Suljic recalled that the general, accompanied by aides, greeted the prisoners by saying, “Hello, neighbors.”
“We started yelling at him, ‘Why are you suffocating us here? Better kill us all,'” Suljic said. Finally, the prisoner exchange was said to be ready.
Men were given water for the first time since arriving in Krizevci. Then, they were placed in two small trucks, 10-15 men a truck. Suljic, thinking his ordeal was ending, was among the first.
Suljic and Oric both noted that as the open-back trucks left, they were followed by a red car. In the passenger seat was a man aiming an automatic rifle at the prisoners.
“We went a bit up the hill, slowly,” Suljic recalled. “The sound of some machines was becoming louder and louder. We were obviously approaching them. The truck turned left and stopped in the grass. We saw a field covered with bodies.”
“They ordered us to come out and line up with our backs to the soldiers, and our faces to the field of bodies.”
There were two firing squads of five soldiers each, armed with automatic rifles. Suljic was in the first row looking at the bodies, with two rows of prisoners between him and Serb guns.
“I could hear automatic gunfire. They fell on me, and I fell on my stomach. But I wasn’t hit,” he said.
Oric was with a cousin, who grabbed his hand as they got into a truck at about 2:30 p.m., shortly after Suljic.
When they saw the killing field, “my cousin grabbed my hand again and said, ‘Mevlo, they’re going to kill us,’ ” Oric recalled. “But there was still some kind of hope in me that they wouldn’t kill us just because we were Muslims.”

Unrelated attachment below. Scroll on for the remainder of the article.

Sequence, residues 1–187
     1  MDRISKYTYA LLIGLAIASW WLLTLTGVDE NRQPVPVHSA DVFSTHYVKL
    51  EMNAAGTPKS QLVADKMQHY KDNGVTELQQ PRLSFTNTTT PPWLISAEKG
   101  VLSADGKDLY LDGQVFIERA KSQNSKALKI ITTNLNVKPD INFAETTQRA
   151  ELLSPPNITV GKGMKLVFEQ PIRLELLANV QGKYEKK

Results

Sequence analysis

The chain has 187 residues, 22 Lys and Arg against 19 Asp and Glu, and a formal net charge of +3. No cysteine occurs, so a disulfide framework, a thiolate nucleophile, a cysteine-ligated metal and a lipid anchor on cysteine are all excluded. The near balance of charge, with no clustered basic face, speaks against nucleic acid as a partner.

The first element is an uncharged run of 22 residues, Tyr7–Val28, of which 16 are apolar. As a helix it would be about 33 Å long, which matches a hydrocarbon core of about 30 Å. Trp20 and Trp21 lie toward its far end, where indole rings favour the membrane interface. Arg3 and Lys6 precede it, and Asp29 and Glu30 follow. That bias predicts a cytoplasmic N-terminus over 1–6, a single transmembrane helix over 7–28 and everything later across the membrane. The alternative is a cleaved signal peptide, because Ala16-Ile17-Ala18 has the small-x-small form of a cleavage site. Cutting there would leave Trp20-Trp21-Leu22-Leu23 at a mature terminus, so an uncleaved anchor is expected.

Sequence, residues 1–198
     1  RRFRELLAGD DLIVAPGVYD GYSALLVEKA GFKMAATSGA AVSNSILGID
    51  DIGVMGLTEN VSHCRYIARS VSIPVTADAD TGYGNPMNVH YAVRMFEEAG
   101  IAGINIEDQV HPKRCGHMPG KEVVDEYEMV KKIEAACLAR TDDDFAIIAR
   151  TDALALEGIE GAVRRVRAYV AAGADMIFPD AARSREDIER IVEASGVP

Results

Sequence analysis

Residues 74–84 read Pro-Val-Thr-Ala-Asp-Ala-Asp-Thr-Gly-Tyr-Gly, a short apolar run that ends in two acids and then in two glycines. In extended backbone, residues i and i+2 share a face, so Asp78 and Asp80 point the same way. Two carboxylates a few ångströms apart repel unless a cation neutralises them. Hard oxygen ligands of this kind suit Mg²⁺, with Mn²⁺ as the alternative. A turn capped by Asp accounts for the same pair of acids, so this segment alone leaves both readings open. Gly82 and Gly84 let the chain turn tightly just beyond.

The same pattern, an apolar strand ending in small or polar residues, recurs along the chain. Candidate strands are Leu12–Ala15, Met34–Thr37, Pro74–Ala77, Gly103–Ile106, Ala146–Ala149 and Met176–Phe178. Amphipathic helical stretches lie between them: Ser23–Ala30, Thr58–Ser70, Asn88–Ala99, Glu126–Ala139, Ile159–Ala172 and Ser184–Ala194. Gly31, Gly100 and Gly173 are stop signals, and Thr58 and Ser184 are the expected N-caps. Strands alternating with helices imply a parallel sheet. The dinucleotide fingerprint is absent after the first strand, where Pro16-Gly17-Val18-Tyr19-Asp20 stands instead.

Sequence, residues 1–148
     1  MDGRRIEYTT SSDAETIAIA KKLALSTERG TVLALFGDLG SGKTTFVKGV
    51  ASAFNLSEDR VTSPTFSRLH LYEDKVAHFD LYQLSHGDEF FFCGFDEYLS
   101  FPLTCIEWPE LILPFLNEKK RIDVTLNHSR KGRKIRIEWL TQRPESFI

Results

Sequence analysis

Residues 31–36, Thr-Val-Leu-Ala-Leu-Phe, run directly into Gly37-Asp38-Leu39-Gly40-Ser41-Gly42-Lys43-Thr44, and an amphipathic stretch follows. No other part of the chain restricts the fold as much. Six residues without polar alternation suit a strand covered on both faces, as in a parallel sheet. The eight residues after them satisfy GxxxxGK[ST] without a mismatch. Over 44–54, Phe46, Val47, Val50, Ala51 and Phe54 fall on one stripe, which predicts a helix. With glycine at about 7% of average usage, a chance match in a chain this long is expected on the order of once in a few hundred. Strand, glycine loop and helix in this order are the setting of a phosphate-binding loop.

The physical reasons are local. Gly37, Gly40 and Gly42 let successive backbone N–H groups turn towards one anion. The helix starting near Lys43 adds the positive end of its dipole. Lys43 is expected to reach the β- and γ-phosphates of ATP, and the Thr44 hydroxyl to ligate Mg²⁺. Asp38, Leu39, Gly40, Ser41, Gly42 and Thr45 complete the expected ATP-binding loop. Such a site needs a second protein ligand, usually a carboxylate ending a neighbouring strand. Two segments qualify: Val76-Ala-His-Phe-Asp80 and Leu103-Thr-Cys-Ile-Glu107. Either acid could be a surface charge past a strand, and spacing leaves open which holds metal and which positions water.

As the shooting started, “my cousin squeezed my hand and groaned. I threw myself on the ground right away. I didn’t move. I stayed lying there for nine hours.”
In intervals between the shooting, a Serb soldier walked among the bodies and finished off those still moving with a pistol shot to the head, Oric and Suljic said.
Oric said whenever anyone showed signs of life, he was killed.
At one point, he heard an old man plead: “Please don’t do this to us, children. We haven’t done anything to you.” He, too, was killed.
Suljic said a backhoe was digging a hole about 30 feet away. At one point, he said, Mladic appeared about 15 yards away. “He took a look and left quickly.”
Group by group, trucks brought prisoners, who were gunned down in turn. When it became too dark to see, the soldiers used the headlights of two backhoes, Suljic said.
Finally the shooting stopped, and Oric heard a voice saying the dead would not be buried that night. But guards refused to spend the night, and all the Serbs eventually left.
Suljic stood and looked around the quiet countryside under a blanket of stars. Moonlight illuminated “a sea of bodies.”
He tried to shout “Is there anybody alive? If there is someone, get up, and let’s go.” It came out as a whisper.
But it was loud enough for Oric, lying about 20 yards away.
As he stood, Oric said, “The only thing I saw was dead people all over the place, one on top of the other. I got very scared and started crying. I couldn’t stop. This man came to me, it was Hurem, and he asked if I was wounded.”
Stepping over bodies, the two headed into the forest. In the morning, they reached a burned-out village. Stopping to pick apples, they saw a man ahead. It was Hodzic, the third known survivor.
Suljic said the three climbed a hill, oriented themselves, and began walking toward government positions. Three days later, they crossed a mine field at the front line and were met by Bosnian soldiers.
Suljic now lives in government-held Tuzla, 45 miles northwest of Srebrenica. Nearby lives Sefika Secic, 17 years old and pregnant.
Secic survived the fall of Srebrenica by fleeing through the woods. She last saw her husband, Sahbaz Muharemovic, standing stripped to the waist with hundreds of other men under Serb guard at Kravice, about nine miles west of Srebrenica.
Every day Secic searches lists of Srebrenica survivors, hoping to find his name.
Suljic knows that his group included men from Kravice. But he hasn’t told the young woman because he can’t be certain Muharemovic is dead.
“But if she adds two and two,” he said, “she will realize there is no need for her to look at the lists too often.”